The seeking of asylum in America conceals the daunting truth of the American Identity, and does not reveal the prejudice against Americans who are not the ideal skin color or race. Langston Hughes’s poem, “I, Too” aspires to reveal the racial injustices as the American Identity because the increase of racial inequality is affecting America’s view of certain races. An example is when Hughes displays the reality of colored people living in America, he remarks, “I am the darker brother. They send me to eat in the kitchen.” (2-3). Hughes uses “darker brother” to highlight that darker skin will set you apart from the society. Consequently, everyone should be treated equally which explains the use of “brother” instead of the typical slang for colored people. The context in the second line forces a dramatic stand to “they”. The “they” in the second line exposes the unfair treatment of colored Americans by the white Americans. The kitchen represents the white Americans’ view of colored Americans as an embarrassment or unimportant.
Therefore, Hughes unravels the harsh separation from American society due to the color of skin. Even, when America is supposed to be a place of freedom and opportunity. However, Hughes continues to reveal the racial injustices influencing the American culture, he implies, “Nobody’ll dare, Say to me, ‘Eat in the kitchen,’” (11-13). The repeating phase, “Eat in the Kitchen” only continues to shed light into the real experiences of Americans. When the Declaration of Independence promised equality for all men, the American Dream was born. Yet, Hughes setting the poem in the twentieth century testifies the Declaration of Independence when African Americans decided to start a civil right movement. Hughes challenges the Declaration of Independence again, he said, “They’ll see how beautiful I am. And be ashamed—I, too, am America.” (17-19) Final lines of Hughes’ poem proudly reveals the harsh wake-up call for all men and women in America. The first line represents the resentment toward America by the people of color. They only hope to realize their American Dream is not a mistake to them anymore. The very last line purposefully leaves a significant call to action because Hughes allows himself to accept he is part of America. But, America is reminder of freedom. And, the people should fight for the freedom of all colors and races. The racial injustices in America influence a big part of the American culture which leads to the further problem of fitting in social standards. In the poem, “A Supermarket in California” by Allen Ginsberg, the social standards of America greatly affects the people who cannot seem to fit in as they navigate their way in a society in which they are not accepted. Ginsberg perfectly validates the entirety of the poem, he writes, “Whole families shopping at night! Aisles full of husbands! Wives in the avocados, babies in the tomatoes!” (7-9). Ginsberg’s writing, “Whole Families shopping at night!” symbolize the societal expectations of America. The demanding pressure of being a perfect American can affect those who do not fit in greatly. Accordingly, the outsiders will explore for someone or something to connect them to the perfect American society. The poem provides an example of a person who is not fitting in with society, Ginsberg recalls, “I saw you, Walt Whitman, childless, lonely, old grubber,” (10-12). Others notice the outsiders who do not redeem a spot in the perfect American society.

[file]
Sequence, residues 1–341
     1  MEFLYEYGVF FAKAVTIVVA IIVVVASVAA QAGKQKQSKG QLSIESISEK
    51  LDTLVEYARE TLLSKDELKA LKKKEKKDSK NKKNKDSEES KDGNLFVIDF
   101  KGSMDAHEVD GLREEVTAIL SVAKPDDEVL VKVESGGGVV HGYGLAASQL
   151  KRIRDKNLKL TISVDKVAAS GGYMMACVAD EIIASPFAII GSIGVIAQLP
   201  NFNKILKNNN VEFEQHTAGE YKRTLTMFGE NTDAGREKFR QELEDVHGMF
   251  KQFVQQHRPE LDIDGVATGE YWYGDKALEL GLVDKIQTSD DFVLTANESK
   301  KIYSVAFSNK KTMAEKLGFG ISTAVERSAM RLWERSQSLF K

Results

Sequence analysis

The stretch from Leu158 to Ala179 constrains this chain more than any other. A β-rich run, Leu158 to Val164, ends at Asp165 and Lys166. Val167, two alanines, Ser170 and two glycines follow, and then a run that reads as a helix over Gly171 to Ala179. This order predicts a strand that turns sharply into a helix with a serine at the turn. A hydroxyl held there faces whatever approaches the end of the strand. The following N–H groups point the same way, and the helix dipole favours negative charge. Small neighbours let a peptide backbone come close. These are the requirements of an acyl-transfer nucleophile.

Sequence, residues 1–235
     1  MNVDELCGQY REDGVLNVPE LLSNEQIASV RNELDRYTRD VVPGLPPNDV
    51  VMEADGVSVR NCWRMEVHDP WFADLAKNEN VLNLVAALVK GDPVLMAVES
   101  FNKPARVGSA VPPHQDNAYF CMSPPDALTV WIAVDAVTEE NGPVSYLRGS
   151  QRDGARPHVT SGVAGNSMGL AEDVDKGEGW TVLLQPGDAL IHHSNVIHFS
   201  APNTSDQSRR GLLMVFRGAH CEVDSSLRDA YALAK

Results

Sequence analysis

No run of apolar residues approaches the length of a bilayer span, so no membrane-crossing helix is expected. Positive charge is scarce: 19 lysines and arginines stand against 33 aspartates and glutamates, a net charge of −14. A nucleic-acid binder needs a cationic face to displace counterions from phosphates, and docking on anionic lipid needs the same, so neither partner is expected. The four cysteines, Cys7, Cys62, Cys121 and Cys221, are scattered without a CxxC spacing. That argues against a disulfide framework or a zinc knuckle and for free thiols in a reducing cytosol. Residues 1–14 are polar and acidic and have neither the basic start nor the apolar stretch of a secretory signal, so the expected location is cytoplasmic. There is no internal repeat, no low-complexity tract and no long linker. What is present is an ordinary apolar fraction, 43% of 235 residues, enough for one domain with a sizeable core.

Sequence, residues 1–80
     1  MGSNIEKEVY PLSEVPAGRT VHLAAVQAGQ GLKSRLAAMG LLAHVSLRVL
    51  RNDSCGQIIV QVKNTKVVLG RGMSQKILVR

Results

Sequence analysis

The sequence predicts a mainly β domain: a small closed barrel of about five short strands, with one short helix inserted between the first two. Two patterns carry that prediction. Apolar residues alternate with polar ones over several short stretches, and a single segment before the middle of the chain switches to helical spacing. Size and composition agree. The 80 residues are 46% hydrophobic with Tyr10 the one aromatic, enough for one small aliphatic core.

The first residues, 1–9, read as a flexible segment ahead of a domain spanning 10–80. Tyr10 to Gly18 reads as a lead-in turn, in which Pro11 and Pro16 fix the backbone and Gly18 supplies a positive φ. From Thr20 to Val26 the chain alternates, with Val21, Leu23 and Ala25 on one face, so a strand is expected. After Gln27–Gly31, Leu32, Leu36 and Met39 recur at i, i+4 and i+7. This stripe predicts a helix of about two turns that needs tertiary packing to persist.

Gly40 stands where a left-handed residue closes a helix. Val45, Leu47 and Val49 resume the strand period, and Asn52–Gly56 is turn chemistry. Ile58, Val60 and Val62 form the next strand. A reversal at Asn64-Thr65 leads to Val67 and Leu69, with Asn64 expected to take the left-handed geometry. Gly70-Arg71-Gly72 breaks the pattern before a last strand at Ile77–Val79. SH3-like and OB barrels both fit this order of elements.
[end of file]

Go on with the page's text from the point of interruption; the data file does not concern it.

In particular, we notice Walt Whitman, who was a gay poet before Ginsberg’s time. The phrase, “childless, lonely,” is used by Ginsberg, who is also gay, as he relates to the characteristics of Whitman. The loneliness phrased in the poem represent the reality of living in a country full of liberty and love. The truth of the unrelenting acceptance is perpetrated as a burden. The status quote of fitting in constructs a false knowledge that only acts as a barrier between the illusion and reality of the American Dream. As the characteristics of Ginsberg’s time become more apparent in the poem, he reflects, “Will we walk all night through solitary streets? The trees add shade to shade, lights out in the houses, we'll both be lonely.” (25-27). The phrase, “lights out in the houses, we'll both be lonely.” reflects on the expected representation of the typical American. Thus, Ginsberg finds himself troubled deeply by this. As he knows between himself and Whitman, Ginsberg’s time-period will not be as loving and accepting as Whitman. Thus, it is considered that the society of America has grown seemingly to extract the love and liberty for people who are attracted to the same gender. The unacceptance of people with same gender/sexual preferences in America are due to the typical American standards leading to one of the faults of the American Identity. These social standards for the ideal American provide a sudden wake-up call to those living in America. The illusions of the American Dream evoked from these passages disclose hidden problems of racial inequality, living up to the social standards, and seeking refuge in a new world revealing the real American Identity. The passages from Langston Hughes, Allen Ginsberg, and Emma Lazarus proudly bring into light the expectations and realities of the American Dream. Each highlighting a specific problem to allow us to understand the meaning of the American Dream fading into the true American Identity. Today, the world can still take hold of the specific problems emphasized greatly by the three poets. Especially, when the ban of immigrants in today’s world disagrees with the acceptance of immigrants in welcoming arms. As before, the disgust toward sexual/gender preferences are still prevalent in the twenty-first century. If we notice closely, due to these problems, we can still see the true American Identity influencing our lives today.